The Obama Administration has announced that it is planning to revise a problematic rule requiring religious employers who wish to be exempt from providing contraceptive coverage to file paperwork with health insurance companies, but skeptics are taking a “wait and see” attitude toward the announcement.
The Washington Times is reporting that the changes are coming about as a result of a recent ruling by the U.S. Supreme Court in a case involving Wheaton College, a private Christian college. In this case, the college asserts that a rule implemented by the Obama Administration forcing religious employers who wish to be exempt from the mandate to file paperwork with health insurance companies allowing them to provide the coverage directly to the employee rather than through them is the equivalent of a kind of “permission slip” which they feel is a form of complicity.
The Supreme Court agreed in a 6-3 decision and enjoined enforcement of the mandate against Wheaton pending resolution of its appeal. The Court said the college should not be forced to help employees access birth control and should simply send a letter to the Department of Health and Human Services requesting exemption from the mandate.
The White House has now decided to craft a permanent change in Obamacare regulations in response to this ruling.
“In light of the Supreme Court order regarding Wheaton College, the departments intend to augment their regulations to provide an alternative way for objecting nonprofit religious organizations to provide notification, while ensuring that enrollees in plans of such organizations receive separate coverage of contraceptive services without cost sharing,” a senior White House official said. “While we are working through the details now, we expect this rulemaking to be issued within a month.”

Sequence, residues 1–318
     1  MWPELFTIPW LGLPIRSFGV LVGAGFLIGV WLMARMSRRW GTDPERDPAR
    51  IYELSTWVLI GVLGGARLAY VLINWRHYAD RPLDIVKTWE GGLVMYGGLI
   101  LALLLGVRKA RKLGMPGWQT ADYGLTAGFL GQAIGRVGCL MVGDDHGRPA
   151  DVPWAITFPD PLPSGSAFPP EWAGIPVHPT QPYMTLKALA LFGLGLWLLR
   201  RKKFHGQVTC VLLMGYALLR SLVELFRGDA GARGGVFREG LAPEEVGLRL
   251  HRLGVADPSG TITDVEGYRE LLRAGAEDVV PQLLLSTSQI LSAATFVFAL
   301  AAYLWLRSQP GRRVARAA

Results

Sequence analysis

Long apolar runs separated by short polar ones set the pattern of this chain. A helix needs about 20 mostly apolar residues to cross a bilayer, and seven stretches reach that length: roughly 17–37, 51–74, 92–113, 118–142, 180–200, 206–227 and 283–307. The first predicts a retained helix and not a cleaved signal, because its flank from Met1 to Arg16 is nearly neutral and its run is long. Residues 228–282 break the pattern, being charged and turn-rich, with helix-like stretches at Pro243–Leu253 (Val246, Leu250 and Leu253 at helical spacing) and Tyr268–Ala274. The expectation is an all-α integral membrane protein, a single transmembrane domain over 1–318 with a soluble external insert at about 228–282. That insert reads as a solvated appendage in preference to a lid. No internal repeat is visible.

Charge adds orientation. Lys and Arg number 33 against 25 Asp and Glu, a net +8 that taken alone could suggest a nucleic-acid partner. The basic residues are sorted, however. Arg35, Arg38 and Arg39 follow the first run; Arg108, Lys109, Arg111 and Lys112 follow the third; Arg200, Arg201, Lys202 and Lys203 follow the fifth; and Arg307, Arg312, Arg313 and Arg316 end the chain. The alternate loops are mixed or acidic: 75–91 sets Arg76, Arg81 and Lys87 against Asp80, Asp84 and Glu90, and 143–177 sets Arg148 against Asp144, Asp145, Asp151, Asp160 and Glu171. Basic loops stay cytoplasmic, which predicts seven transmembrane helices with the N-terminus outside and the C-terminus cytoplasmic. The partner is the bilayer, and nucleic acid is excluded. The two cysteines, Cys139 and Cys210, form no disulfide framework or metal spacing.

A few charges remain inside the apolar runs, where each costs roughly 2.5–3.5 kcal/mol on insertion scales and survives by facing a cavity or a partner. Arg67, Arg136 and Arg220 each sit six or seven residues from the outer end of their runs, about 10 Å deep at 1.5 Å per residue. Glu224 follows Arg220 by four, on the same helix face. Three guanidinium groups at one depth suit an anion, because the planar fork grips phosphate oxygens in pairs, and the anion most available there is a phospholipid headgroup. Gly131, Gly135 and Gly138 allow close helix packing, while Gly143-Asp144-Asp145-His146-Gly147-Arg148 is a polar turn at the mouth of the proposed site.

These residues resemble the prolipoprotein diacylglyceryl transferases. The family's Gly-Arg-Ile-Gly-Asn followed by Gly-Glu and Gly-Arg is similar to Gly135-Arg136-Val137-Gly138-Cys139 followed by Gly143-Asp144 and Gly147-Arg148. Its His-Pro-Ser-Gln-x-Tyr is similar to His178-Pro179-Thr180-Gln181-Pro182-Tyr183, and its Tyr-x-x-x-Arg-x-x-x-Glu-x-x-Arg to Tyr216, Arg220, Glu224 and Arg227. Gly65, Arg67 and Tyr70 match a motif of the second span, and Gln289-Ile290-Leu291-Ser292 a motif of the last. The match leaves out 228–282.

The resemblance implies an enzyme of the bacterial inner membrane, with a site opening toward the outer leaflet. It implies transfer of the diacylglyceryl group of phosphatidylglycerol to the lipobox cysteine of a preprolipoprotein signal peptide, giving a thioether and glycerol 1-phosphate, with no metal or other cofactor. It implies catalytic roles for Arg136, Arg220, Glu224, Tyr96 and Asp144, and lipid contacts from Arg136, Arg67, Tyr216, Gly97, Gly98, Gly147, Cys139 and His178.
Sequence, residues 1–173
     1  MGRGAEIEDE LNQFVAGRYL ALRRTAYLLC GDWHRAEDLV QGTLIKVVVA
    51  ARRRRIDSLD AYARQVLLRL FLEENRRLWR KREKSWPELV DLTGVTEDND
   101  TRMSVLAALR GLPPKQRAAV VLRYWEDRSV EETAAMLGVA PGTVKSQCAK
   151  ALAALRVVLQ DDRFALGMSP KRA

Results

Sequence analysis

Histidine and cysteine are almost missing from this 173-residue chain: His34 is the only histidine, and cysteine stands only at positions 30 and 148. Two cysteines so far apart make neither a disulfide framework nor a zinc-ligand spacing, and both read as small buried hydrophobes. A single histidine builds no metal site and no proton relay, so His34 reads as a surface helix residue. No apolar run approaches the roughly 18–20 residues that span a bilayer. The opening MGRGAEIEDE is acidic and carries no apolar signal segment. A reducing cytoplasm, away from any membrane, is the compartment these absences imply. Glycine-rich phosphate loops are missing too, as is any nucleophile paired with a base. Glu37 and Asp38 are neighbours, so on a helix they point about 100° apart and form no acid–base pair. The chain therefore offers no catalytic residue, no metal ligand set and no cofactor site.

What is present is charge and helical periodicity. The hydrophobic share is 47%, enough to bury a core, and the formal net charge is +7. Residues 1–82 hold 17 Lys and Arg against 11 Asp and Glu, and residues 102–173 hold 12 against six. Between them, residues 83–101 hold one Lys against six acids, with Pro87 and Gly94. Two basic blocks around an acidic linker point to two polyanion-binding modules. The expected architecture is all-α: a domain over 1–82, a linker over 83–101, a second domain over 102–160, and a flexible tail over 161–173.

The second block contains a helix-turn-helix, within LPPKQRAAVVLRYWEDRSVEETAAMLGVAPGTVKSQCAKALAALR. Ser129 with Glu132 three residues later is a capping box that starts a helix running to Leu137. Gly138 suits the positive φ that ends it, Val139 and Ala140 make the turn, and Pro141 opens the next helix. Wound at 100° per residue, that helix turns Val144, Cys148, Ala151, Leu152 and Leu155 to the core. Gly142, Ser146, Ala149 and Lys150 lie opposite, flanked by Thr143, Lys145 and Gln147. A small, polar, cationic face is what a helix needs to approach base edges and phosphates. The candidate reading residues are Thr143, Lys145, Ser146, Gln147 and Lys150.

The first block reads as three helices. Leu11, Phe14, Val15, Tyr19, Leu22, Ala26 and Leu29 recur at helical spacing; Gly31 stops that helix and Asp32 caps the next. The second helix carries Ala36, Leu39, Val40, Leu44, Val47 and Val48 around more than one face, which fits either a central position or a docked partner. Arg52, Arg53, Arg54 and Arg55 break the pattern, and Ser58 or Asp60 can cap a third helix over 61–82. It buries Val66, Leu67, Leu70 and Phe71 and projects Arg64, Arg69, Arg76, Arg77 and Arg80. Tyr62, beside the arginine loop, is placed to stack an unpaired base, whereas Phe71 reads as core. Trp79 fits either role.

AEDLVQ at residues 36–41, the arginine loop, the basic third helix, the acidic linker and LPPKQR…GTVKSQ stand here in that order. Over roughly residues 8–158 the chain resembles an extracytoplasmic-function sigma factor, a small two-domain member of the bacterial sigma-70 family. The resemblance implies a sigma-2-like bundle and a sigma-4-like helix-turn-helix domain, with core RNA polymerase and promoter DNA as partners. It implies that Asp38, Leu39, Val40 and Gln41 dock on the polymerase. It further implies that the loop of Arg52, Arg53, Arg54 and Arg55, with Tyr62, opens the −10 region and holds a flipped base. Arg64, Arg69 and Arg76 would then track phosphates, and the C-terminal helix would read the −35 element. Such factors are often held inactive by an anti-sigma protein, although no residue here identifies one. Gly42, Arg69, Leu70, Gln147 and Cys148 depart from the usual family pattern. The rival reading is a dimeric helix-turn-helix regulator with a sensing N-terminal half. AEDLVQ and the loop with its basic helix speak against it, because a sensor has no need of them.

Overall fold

What kind of accommodation they intend to craft is not yet known.
“If the government just kept us out of the process altogether of either triggering, authorizing, or in any fashion being the gateway for employees to receive coverage for objectionable practices, that would satisfy our concerns,” said the Father Frank Pavone, national director of Priests for Life, a nonprofit, pro-life organization. “Of course, we would have to carefully examine any changes the administration makes to its current policy, in order to verify that what our faith considers immoral cooperation is completely excluded.”
Many are still very skeptical that the government believes the contraception mandate violates religious liberty.
“This is just the latest step in the government’s long retreat on the [contraception] mandate,” Lori Windham, senior counsel for the Becket Fund for Religious Liberty, told the Times. “We hope the government will listen to the thousands of voices that called on the government to protect religious liberty. It’s time for the government to stop fighting the 30 federal court orders — including two from the Supreme Court — protecting religious ministries from the mandate.”
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